Policeman plays down vandalism fears

A POLICEMAN has played down a spate of vandalism in a picturesque Suffolk town - despite suggesting some areas “look like somewhere in Iraq”.In the last few weeks Woodbridge has been hit by a series of incidents which have alarmed police officers, residents, traders and town councillors.

By Richard Smith

A POLICEMAN has played down a spate of vandalism in a picturesque Suffolk town - despite suggesting some areas “look like somewhere in Iraq”.

In the last few weeks Woodbridge has been hit by a series of incidents which have alarmed police officers, residents, traders and town councillors.

This includes wing mirrors being ripped off more than 10 cars in Seckford Street; £2,000 damage to a window in St Mary's Church; shop windows being smashed in the Thoroughfare; damage on the River Wall, gravestones overturned in the cemetery and other gravestones splashed with paint.


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Cars have also been damaged in Cherry Tree Road and 15 saplings were snapped in half on the A12.

In other incidents youths threw bollards at a coach driver and he was fortunate to escape serious injury.

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Youngsters from Melton and Rendlesham have begun congregating at the Turban Centre at night while Woodbridge youths have been displaced to Kingston playing fields, sparking fears that a “turf war” could erupt.

The cost of the damage runs into tens of thousands of pounds and Mick Sears, the town centre beat officer, told the town council: “I know it seems all doom and gloom in the town and it does look like somewhere in Iraq - but it is not quite as bad as it seems.”

Pc Sears said eight troublemakers had been banned from all licensed premises in the town and a 19-year-old had been fined £700 for smashing windows. He had been caught in the act by a member of the public and officers found him hiding in toilets.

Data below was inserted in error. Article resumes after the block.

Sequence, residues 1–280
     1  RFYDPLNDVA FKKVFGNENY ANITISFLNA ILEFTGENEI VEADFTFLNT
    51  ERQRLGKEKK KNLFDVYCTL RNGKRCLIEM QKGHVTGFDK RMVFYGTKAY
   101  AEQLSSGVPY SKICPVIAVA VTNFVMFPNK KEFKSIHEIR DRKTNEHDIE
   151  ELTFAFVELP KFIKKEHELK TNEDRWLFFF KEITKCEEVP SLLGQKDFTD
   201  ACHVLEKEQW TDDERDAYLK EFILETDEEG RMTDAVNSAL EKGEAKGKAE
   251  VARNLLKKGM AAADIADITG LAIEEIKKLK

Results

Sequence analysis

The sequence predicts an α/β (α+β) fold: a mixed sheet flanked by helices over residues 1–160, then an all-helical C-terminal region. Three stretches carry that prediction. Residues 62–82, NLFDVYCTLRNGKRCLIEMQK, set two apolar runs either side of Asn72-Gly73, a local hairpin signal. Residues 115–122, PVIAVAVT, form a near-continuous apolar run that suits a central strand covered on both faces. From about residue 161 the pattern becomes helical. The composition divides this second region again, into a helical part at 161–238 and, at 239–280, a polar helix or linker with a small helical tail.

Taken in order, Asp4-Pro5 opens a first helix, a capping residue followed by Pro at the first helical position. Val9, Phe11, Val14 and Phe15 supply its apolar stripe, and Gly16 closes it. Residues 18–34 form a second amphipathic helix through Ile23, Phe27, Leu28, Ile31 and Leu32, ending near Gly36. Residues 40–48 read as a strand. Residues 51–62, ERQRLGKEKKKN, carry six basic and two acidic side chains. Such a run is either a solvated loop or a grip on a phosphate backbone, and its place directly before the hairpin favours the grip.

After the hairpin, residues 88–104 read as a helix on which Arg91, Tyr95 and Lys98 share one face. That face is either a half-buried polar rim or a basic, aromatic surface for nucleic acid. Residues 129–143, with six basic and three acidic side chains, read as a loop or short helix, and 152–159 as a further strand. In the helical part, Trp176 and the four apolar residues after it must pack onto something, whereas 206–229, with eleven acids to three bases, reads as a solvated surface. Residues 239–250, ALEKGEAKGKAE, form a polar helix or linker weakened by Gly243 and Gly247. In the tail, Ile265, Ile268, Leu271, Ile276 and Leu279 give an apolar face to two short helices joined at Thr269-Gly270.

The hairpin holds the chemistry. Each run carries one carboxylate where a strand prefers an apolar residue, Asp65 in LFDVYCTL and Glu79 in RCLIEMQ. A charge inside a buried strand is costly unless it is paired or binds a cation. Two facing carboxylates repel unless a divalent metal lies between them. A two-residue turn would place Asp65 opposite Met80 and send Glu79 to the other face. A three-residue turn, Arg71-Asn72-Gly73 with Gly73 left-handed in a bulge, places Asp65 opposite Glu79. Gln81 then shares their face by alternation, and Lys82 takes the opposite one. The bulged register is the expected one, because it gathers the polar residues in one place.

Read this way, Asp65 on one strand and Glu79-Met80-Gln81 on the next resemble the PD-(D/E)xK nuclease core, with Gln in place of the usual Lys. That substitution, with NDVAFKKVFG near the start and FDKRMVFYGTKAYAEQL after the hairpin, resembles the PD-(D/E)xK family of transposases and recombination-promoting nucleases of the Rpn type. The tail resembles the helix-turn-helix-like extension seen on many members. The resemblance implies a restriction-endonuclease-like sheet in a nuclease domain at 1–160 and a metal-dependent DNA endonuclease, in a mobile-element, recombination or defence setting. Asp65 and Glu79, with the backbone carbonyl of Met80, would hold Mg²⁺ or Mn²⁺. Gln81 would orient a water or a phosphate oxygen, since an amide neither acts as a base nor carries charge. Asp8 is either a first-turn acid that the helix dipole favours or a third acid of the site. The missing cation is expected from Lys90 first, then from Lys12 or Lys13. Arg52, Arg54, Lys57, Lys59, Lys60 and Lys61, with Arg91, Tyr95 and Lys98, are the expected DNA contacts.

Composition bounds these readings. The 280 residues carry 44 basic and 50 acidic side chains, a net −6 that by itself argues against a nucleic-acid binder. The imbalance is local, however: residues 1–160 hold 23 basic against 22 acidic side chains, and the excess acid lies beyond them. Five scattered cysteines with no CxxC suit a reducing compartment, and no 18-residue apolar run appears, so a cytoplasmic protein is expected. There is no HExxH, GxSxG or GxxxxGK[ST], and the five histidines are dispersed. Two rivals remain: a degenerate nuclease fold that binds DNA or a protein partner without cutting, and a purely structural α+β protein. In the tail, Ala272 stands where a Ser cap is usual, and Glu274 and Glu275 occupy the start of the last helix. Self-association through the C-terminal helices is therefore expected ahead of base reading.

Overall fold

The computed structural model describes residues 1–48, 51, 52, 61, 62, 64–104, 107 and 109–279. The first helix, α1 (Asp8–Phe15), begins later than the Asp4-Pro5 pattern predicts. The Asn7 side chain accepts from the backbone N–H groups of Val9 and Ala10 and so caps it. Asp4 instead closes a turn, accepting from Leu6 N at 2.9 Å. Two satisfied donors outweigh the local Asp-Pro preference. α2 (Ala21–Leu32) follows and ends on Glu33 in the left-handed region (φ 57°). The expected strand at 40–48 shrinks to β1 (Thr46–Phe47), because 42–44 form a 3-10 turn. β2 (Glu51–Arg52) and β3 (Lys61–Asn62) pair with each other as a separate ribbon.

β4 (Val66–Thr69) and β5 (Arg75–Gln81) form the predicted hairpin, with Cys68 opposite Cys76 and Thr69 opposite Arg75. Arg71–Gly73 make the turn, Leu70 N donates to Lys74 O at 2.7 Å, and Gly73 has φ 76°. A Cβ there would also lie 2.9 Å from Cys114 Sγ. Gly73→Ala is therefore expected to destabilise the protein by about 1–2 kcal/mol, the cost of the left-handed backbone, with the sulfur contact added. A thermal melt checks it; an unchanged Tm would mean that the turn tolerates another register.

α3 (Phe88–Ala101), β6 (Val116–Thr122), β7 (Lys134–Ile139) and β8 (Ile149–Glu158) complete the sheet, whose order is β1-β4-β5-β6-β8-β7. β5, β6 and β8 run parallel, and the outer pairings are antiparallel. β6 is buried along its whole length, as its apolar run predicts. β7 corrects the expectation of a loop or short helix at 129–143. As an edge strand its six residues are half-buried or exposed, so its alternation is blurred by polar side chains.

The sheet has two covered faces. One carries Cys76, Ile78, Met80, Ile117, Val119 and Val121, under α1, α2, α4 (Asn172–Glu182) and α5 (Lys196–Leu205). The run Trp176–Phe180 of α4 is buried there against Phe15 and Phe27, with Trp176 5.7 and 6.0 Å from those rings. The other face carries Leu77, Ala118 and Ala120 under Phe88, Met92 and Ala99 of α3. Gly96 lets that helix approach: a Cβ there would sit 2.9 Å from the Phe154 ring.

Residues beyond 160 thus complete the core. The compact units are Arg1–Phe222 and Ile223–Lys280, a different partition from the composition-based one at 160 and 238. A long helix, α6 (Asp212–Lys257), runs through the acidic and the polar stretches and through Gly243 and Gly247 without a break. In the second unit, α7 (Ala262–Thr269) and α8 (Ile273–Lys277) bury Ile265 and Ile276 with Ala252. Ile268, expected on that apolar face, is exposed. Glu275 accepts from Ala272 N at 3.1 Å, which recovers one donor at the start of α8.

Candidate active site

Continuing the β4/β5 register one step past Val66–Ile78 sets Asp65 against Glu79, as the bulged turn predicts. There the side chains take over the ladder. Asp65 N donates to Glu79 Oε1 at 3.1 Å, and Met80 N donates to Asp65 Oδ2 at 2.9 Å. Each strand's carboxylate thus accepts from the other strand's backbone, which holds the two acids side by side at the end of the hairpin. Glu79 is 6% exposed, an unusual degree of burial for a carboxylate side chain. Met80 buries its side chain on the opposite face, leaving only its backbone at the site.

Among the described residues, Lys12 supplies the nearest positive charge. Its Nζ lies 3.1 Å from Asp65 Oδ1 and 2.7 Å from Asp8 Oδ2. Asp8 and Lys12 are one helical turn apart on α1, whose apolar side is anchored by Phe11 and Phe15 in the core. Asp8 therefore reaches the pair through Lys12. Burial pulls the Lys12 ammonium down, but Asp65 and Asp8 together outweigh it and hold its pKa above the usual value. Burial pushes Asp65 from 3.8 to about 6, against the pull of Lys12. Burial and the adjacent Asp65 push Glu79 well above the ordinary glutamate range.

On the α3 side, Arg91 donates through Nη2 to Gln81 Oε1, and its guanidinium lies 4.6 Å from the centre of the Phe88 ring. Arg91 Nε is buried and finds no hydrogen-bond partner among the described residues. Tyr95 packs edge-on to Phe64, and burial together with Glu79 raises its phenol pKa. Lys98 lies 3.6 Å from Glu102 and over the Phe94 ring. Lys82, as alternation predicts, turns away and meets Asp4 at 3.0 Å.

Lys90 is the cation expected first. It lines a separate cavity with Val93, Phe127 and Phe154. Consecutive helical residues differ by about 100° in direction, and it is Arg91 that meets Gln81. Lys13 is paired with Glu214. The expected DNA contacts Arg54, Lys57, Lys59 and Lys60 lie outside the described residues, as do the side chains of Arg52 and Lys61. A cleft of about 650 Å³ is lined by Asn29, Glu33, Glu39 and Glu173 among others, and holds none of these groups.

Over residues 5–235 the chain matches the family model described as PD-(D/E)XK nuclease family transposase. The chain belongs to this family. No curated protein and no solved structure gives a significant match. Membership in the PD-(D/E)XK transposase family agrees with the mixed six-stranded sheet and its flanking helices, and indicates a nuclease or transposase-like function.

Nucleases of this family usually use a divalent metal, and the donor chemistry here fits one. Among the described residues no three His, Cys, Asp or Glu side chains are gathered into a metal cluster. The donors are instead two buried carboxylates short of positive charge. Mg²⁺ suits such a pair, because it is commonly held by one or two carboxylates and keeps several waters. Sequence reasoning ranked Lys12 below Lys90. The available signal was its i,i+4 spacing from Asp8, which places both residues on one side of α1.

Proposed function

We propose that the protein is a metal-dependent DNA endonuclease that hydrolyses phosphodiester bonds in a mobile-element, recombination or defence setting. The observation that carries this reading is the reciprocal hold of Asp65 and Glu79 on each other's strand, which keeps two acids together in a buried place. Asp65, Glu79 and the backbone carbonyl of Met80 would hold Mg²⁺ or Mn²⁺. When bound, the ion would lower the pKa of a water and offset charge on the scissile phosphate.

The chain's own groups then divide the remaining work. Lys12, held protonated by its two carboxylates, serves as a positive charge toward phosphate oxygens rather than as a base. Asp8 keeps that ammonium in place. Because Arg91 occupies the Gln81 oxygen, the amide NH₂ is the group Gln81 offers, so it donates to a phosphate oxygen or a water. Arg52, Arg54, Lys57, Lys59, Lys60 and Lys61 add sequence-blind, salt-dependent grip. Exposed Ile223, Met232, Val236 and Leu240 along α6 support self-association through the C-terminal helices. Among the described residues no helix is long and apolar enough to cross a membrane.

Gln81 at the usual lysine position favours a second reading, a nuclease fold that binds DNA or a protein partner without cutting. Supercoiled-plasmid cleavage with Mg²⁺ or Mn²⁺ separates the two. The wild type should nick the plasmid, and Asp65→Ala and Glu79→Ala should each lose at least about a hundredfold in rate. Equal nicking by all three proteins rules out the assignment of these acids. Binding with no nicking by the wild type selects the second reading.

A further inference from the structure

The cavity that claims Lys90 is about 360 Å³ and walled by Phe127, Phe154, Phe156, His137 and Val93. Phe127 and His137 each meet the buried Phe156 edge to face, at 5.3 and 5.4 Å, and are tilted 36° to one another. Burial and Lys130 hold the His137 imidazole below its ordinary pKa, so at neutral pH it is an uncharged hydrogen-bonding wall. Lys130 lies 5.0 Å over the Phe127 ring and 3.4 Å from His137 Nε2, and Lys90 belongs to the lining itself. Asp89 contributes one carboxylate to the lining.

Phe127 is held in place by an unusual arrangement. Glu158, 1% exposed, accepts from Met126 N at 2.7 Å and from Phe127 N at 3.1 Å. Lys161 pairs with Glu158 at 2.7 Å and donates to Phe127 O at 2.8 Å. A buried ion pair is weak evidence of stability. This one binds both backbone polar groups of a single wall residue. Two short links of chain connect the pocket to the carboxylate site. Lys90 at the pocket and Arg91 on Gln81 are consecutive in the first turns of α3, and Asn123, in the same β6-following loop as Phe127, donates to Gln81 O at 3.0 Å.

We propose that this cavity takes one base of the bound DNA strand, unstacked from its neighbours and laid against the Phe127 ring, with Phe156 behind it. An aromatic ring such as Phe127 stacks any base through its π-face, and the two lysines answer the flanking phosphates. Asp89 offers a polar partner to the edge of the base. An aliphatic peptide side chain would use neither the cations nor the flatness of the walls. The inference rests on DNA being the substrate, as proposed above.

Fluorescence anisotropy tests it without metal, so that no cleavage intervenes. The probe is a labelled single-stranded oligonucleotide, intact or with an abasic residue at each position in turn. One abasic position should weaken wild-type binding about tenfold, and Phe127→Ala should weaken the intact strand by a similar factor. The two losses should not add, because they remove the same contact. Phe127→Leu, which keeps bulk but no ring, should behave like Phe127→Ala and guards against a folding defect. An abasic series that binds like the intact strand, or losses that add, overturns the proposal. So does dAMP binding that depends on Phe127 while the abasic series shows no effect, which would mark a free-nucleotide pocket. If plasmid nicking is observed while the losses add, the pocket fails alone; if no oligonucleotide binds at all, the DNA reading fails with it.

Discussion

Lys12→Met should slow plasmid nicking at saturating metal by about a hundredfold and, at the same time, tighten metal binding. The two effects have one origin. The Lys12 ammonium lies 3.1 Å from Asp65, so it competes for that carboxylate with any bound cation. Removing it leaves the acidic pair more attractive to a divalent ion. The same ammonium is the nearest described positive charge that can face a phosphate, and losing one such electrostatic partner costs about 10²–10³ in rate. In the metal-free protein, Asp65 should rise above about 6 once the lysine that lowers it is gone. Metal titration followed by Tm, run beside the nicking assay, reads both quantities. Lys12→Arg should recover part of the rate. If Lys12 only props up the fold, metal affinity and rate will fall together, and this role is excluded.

He said that between November 17 and January 5 there were four assaults and 13 incidents of criminal damage reported to the police. The number of drink-related incidents had fallen, he added.

Russell Geen, mayor, said: “I think Woodbridge is going through a very bad state and I do not know what we are going to do about it.

“We do need the inspector to be out there walking the streets and we need more police officers. I saw 15-year-olds throwing bollards at a coach and it is a wonder that the driver was not killed.”

Nigel Barratt, district councillor, said: “I am not a fan of CCTV and I dislike Big Brother watching us, but I am beginning to realise the potential value of it and we could also do with an extra four or five people at the police station.”

Fellow district councillor Les Binns added: “I have had repeated comments and complaints by local residents because of the increased vandalism and, what is becoming increasingly worse, their fear of vandalism.”

A new inspector, Terry Byford, has been appointed at Woodbridge and she has been asked to sort out the anti-social behaviour problems in the town.

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